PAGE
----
Speed Reads

Populism Fever

Italian Prime Minister Matteo Renzi bet it all on Sunday's referendum, and he may well lose

This year has been an unsteady one for popular referenda and a good one for populism — votes in favor of the United Kingdom leaving the European Union, against a Colombian deal to end the FARC civil war, and the election of Donald Trump all defied expectations and the advice of civic leaders and most experts. On Sunday, Italy has its own big referendum, and it could go very badly for the government of Prime Minister Matteo Renzi, whose proposals are on the table. He has pledged to resign if Italy votes "no."

The most recent polls suggest Italy may well reject the changes, which overhaul the legislature in an attempt to streamline the government and make it easier to pass legislation. The "no" side leads by as much as 8 percentage points, but 20 percent of Italians are undecided. Renzi's changes would reduce the size of the Senate to 100 seats, from 315, and turn it largely into a consultative body, taking away its power to topple governments with a no-confidence vote. The central government would also assume some of the overlapping powers also claimed by regional governments.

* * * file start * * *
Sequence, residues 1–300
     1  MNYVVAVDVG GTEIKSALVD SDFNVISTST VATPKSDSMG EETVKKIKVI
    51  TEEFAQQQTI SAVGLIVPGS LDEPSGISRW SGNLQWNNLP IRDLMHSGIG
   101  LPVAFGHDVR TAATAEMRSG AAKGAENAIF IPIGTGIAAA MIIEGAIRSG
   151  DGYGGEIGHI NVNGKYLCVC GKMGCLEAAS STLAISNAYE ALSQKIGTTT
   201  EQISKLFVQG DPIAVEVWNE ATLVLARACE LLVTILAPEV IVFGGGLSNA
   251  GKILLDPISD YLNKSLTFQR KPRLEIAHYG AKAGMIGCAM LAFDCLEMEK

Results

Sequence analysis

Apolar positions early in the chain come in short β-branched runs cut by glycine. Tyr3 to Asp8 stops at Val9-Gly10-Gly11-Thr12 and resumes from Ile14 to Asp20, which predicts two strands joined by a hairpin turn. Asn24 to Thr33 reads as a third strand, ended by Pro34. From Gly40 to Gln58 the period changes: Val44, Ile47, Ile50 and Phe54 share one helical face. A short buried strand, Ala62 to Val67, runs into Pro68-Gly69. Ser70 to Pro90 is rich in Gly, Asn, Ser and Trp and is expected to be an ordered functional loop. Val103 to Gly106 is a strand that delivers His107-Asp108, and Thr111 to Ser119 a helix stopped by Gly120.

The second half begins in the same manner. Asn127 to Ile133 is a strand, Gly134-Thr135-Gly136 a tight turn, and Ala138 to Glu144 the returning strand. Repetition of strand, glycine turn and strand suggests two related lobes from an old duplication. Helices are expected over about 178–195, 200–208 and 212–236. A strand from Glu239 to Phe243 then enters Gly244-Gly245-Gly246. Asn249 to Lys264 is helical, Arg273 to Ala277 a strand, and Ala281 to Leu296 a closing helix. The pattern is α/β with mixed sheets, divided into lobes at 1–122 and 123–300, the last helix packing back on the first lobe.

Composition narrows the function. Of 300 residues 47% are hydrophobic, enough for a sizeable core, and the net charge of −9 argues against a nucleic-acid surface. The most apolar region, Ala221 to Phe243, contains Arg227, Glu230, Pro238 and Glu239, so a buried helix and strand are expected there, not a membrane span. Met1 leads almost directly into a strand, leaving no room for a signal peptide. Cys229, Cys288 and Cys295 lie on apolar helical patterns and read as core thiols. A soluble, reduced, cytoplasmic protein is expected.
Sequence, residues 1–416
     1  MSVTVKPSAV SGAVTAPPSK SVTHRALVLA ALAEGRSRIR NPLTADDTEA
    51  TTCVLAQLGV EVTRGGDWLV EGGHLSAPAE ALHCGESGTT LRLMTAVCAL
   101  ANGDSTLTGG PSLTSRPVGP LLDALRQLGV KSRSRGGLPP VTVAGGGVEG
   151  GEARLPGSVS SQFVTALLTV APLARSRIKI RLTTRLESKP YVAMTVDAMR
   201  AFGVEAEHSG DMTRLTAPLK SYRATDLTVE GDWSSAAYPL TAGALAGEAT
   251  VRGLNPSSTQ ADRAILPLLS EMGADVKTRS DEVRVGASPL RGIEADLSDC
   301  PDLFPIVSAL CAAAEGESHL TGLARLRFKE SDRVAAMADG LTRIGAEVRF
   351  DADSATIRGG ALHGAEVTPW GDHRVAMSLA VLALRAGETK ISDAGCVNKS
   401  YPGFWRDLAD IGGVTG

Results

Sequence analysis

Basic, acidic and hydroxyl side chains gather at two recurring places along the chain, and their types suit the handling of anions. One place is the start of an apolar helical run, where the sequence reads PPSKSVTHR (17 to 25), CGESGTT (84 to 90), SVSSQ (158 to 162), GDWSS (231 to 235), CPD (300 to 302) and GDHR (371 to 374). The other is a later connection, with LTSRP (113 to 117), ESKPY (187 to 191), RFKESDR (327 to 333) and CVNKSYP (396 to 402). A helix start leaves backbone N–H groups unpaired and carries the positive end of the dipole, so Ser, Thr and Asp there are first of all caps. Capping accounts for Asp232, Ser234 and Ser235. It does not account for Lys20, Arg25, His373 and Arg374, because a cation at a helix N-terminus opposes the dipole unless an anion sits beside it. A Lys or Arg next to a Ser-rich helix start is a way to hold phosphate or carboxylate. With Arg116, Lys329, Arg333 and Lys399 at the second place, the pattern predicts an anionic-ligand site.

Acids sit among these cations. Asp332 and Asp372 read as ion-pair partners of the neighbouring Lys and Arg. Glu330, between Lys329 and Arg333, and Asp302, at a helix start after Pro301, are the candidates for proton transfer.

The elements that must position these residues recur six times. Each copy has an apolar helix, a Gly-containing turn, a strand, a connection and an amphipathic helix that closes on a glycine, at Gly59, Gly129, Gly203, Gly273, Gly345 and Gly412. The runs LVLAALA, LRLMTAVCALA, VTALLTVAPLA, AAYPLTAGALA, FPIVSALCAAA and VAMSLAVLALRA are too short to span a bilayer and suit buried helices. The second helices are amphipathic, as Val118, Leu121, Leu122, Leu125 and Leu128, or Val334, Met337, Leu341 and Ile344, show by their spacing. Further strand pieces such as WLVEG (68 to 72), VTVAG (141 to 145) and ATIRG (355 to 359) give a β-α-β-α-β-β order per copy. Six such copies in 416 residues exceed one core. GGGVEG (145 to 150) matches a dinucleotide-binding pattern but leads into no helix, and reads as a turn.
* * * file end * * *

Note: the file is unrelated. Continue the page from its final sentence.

Opponents of the changes, led by the rising populist 5 Star Movement but also ex-Prime Minister Silvio Berlusconi's conservative party, argue the changes would give the prime minister too much power. The young voters who helped push Renzi, 41, to power in 2014 are leading the opposition to the referendum, due to anger at the establishment and 35 percent youth unemployment.

If Renzi resigns, the president will likely appoint a caretaker government led by Renzi's Democratic Party, and the legislature would have to come up with a new electoral law, allowing for new elections as early as next fall. That has the market spooked, due largely to the possibility that the 5 Star Movement could win; the movement, led by 68-year-old former comedian Beppe Grillo, wants a referendum on dropping the euro currency and to renegotiate Italy's $2.1 trillion debt. A "no" vote therefore might spark a crisis in Italy's weak banking sector. BBC News runs through the potential negative repercussions in the video below. Peter Weber